Thursday, August 12, 2010

A Greek Tragedy of an extinct Drachma Coin reminiscing ancient Hellenic glory with Aristotle’s image

Greece has been the centre of a ancient Hellenic civilization which spread all over the known world in wake of the rise of Alexander of Macedonia in the fourth century B.C.; spreading it right from Greece to Persia, Egypt, Central Asia right till the North-West frontier of the Indian subcontinent as a direct result of Alexander's expansionist campaign.

There was significant change in the world of Numismatics in the wake of Alexander’s campaign when many states began adopting the Greek Attic standard of drachms (one drachm approx. 4.37 gm) under the aegis of the Seleucid Empire which rose after Alexander's death across these territories.
India too adopted the drachm as a unit of its numismatic weight system first under the Kushans (1st Century to 3rd Century A.D.) who replaced the Indo-Greek rulers of the North-Western India and then under the Imperial Gupta dynasty in the 4th Century A.D.
The drachma survived as a name of a unit of coin weight in most Indian languages till the early medieval period as ‘dramma’ which was eventually corrupted to ‘daam’ during Akbar’s reign (r.1556-1605) till it became the term for the price of an item in later day Hindi.
Thus, the Greek drachma played a seminal role in the evolution of coins of the world in its initial gestational period.
Cut to the twenty-first century, Greece is a modern state with a flourishing economy benefitting from its shipping industry, tourism, exports, etc. However, the Greek economy has seen its economy floundering under the worst ever crisis in 2009-10 causing it to lean on more prosperous and stable members of the European Union and earning their ire. Worse still, today Greece doesn’t even have its own independent currency, the Euro having replaced the indigenous drachma in 2001. This sad state of affairs is similar to Alexander's expansionism albeit the expansion is under the European Union engulfing the first super state of European civilisation, Greece.

I came across a 5 Drachma coin in my collection having inscriptions in Greek alphabet on its obverse (image on left) written from 7’0 Clock position as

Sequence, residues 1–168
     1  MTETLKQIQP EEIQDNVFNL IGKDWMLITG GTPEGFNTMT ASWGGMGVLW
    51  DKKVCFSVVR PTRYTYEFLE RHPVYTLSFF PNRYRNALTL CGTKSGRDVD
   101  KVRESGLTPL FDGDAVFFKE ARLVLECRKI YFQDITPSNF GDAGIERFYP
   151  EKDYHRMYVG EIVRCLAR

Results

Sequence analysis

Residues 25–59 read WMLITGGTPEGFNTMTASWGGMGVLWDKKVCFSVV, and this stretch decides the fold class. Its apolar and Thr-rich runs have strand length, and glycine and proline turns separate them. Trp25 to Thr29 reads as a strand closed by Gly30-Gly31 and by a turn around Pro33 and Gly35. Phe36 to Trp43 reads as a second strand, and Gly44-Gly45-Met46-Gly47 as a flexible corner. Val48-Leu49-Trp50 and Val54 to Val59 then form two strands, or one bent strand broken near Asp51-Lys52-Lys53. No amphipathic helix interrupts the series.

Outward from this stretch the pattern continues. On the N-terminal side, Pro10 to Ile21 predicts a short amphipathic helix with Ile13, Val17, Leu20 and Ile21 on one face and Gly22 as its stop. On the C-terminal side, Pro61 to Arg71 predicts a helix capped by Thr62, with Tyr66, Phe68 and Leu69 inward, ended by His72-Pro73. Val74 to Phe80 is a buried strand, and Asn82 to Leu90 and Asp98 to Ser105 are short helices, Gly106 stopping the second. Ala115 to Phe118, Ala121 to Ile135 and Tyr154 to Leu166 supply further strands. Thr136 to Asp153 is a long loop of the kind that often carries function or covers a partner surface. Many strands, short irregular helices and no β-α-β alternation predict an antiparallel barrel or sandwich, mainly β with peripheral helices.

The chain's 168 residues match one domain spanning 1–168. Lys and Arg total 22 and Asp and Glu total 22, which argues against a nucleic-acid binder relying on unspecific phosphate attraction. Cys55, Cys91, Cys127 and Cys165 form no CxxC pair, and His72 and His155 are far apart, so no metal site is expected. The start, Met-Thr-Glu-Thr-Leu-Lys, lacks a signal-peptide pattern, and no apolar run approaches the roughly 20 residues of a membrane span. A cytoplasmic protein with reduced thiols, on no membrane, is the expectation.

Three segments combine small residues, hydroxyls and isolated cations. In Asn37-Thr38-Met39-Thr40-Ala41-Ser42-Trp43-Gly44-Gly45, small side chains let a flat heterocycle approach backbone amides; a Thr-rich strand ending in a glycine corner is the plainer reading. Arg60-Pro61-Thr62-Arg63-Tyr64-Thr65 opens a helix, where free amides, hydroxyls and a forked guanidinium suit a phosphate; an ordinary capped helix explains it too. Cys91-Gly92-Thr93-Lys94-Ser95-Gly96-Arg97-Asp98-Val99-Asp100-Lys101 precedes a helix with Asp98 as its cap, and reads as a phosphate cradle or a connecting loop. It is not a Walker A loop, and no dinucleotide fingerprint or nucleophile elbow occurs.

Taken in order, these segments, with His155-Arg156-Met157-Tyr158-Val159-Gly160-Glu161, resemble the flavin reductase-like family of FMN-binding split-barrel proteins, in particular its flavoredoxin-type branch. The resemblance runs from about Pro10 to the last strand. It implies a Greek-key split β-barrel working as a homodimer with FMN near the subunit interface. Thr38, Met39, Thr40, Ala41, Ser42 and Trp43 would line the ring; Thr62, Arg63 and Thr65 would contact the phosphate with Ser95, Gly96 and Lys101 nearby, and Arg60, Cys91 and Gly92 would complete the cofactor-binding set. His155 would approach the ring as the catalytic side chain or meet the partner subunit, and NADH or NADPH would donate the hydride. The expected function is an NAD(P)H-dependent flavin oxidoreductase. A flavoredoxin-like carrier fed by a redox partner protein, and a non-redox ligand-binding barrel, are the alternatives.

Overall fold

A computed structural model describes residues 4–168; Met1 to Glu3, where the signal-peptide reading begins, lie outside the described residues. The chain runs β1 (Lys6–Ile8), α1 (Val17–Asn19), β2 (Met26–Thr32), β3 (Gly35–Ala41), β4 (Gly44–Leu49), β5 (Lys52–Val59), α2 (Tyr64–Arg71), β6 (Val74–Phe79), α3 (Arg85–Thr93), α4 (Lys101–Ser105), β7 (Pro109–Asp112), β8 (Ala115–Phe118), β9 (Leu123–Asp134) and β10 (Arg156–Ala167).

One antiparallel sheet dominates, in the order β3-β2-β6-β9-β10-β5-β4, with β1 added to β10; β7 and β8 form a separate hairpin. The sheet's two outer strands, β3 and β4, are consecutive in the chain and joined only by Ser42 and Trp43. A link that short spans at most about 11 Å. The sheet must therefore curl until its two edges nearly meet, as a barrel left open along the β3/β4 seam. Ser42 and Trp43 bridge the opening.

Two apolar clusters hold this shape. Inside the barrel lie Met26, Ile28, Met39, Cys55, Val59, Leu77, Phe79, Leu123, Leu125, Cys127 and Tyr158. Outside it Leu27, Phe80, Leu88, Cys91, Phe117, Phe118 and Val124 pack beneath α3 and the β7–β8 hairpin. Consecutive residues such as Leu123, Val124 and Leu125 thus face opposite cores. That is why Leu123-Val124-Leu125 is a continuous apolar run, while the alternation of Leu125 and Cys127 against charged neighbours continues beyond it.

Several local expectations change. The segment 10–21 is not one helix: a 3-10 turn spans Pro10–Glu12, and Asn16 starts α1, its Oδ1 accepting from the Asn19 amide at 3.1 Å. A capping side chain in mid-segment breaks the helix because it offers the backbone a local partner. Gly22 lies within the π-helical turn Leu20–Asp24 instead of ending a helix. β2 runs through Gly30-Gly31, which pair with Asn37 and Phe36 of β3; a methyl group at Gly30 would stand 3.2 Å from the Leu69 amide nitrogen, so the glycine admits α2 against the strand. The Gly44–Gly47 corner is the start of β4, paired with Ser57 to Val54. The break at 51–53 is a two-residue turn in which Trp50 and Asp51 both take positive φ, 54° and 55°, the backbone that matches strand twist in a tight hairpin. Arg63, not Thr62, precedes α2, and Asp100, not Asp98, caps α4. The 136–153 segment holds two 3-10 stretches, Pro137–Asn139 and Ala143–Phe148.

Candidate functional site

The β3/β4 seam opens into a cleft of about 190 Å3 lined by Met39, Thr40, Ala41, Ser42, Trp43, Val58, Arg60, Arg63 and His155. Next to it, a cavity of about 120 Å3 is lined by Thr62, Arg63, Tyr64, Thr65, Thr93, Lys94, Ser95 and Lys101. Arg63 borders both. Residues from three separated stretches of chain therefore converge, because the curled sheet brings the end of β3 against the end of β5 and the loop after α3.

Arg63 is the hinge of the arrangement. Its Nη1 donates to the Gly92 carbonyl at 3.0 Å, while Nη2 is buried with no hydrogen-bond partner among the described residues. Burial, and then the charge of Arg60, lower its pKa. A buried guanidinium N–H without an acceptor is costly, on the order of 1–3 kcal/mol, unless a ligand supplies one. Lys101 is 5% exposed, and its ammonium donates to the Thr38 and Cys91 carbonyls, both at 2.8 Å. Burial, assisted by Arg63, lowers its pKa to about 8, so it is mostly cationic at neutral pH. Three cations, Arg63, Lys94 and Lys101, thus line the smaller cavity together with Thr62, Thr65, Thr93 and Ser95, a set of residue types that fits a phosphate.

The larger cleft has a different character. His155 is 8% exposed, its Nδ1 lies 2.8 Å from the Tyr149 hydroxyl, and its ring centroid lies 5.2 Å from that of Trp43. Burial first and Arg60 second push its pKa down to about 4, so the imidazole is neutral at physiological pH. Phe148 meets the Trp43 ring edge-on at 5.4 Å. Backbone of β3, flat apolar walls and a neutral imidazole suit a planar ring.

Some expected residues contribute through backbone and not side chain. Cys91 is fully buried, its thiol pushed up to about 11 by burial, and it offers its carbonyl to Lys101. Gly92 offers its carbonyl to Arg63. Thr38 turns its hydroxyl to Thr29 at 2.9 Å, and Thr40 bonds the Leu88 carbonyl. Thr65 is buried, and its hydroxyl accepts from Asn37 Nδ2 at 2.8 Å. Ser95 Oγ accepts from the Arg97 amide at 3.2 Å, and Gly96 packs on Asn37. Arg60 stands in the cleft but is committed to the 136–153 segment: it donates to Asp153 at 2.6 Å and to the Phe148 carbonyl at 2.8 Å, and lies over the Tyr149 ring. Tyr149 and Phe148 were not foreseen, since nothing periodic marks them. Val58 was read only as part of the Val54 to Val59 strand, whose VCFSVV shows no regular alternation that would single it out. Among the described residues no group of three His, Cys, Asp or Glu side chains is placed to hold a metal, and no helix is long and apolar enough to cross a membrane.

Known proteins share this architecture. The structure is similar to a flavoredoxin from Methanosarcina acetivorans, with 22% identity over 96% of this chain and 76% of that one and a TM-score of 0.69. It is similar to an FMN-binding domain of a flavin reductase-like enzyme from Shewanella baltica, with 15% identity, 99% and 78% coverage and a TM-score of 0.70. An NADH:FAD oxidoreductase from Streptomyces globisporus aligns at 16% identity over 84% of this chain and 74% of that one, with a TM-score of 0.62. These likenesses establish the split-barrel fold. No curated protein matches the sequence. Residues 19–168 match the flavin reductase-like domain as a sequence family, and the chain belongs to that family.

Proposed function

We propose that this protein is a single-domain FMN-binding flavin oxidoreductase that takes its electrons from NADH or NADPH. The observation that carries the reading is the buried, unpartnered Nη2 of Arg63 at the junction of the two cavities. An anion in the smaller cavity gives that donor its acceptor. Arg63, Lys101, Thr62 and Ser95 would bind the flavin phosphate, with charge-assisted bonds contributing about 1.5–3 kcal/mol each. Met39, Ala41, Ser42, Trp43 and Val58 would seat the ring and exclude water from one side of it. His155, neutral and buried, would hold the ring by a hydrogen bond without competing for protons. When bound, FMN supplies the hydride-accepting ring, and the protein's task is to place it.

‘ΕΛΛHNIKH ΔHMOKPATIA’ read as ELLENIKE DEMOKRATIA in Roman alphabet meaning ‘Hellenic Republic’ Greece’s official name today.
The centre has its denomination written as ‘5 DPAXMAI’ read as ‘5 DRACHMAI’ in Roman alphabet or plainly 5 Drachma. The date of the coin is given as 1976.

The reverse (image on right) has the image of Greek polymath, Aristotle who amongst his many other interests was also a student of another great Greek philosopher, Plato and a teacher to Alexander of Macedon. The Greek legend on the coin is spelt as
‘APIΣTOTEΛHΣ’ transliterated as ‘ARISTOTELES’ in Roman alphabet or plain ‘ARISTOTLES’

The Drachma was revived with the establishment of the modern state of Greece in 1832 and was issued in three different phases between the two world wars. The third phase coincided with Greece’s domestic crisis in the form of the rule of a military junta between 1967 and 1974.
In 1976, after the fall of the military junta and the installation of a new parliament of the Hellenic Republic, a new series of eight denomination coins carrying images of ancient heroes of the Greek nation was issued and this tiny cupro-nickel coin was a part of that historic series. Hence, this coin today represents a crisis in the world of coins where larger economic interests are subsuming indigenous coinage at a very large cost of loss of national and cultural identities.
A Pan-Asian currency, anyone?

Tuesday, August 10, 2010

Morocco’s M.A.D. Dirham issued in 1974 by King Hassan II

Morocco is a land with a unique history with episodes of clashes between the Western and Arabic civilisations due to its strategic location at the farthest tip of North Africa bordering with Spain and other Mediterranean countries. In the medieval period, Morocco was a part of a geo-political entity known to the Arabs as ‘Maghreb’ literally the 'Land of the setting Sun' or the Western Land including other North African countries like Algeria, Tunisia, Libya, Mauritania and parts of the Western Sahara desert. Medieval geographers referred to Morocco as 'Al-Maghrib al Aqşá' 'The Farthest West', to distinguish it from it immediate neighbours in the West.
In modern times, the Moroccan government invoked this historical identity by adopting the official name ‘al-Mamlaka al Maghrebiyya’ on all its communications including its coinage.
Morocco has been ruled by the Alaouite dynasty which has ruled its territories since 1666; however, the Alaouite ruler, Sultan Abdel Hafid was forced to give up Morocco's sovereignty in 1912 turning it into a French protectorate under the Treaty of Fez.
The next rulers ruled nominally under French tutelage till Morocco regained her independence in 1956 and became a constitutional monarchy under the leadership of King Mohammad V. He was succeeded by his son, Prince Mulay Hassan who took over as King Hassan II in 1961 and ruled till his death in 1999.